France and Italy push for reform of Schengen treaty

BBC News
26 April 2011

The leaders of France and Italy have said Europe’s Schengen open-border treaty should be revised.

The move by President Nicolas Sarkozy and PM Silvio Berlusconi comes after they met to discuss the recent rise in North African migration to Europe.

Italy has angered France by granting visas to thousands of migrants, allowing them to travel across Europe’s border-free Schengen zone.

About 25,000 migrants have arrived in southern Italy so far during 2011.

Many have fled unrest in North Africa, and among them are thousands of Tunisians hoping to join relatives in France.

Both Mr Berlusconi and Mr Sarkozy are facing domestic pressure from right-wing parties to curb large-scale immigration.

The Schengen treaty allows legal residents of most EU countries, plus Switzerland, Norway and Iceland to travel across the zone with only minimal border checks…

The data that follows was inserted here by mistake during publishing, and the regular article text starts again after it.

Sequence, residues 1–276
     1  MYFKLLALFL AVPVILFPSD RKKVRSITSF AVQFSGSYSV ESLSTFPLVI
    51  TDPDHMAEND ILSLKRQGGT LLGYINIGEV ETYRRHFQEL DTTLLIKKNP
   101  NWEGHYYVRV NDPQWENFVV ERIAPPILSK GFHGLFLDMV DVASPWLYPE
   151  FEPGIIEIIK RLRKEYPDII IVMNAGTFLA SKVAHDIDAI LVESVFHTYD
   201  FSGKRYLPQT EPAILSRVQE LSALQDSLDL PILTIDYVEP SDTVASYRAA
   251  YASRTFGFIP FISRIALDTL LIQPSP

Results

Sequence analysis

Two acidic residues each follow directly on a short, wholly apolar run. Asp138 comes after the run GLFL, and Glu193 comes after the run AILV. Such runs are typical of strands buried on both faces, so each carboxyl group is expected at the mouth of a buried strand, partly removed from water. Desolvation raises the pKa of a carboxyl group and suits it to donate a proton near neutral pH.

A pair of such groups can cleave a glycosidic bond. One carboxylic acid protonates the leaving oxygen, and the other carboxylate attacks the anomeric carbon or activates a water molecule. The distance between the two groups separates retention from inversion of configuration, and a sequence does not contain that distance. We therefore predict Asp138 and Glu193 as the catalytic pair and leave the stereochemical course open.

…The BBC’s Duncan Kennedy in Rome says it is a sign of the depth of the tensions created by the migration crisis that they two countries are seeking a revision of the treaty.

Neither country wants to accommodate the North Africa migrants and both want to ensure the situation is not repeated in the future, says our correspondent, so they are calling on Brussels to resolve the problem…

The entire article is at BBC News.

H/T The Astute Bloggers who remind readers of the colonial New England saying, “good fences good neighbours make.”

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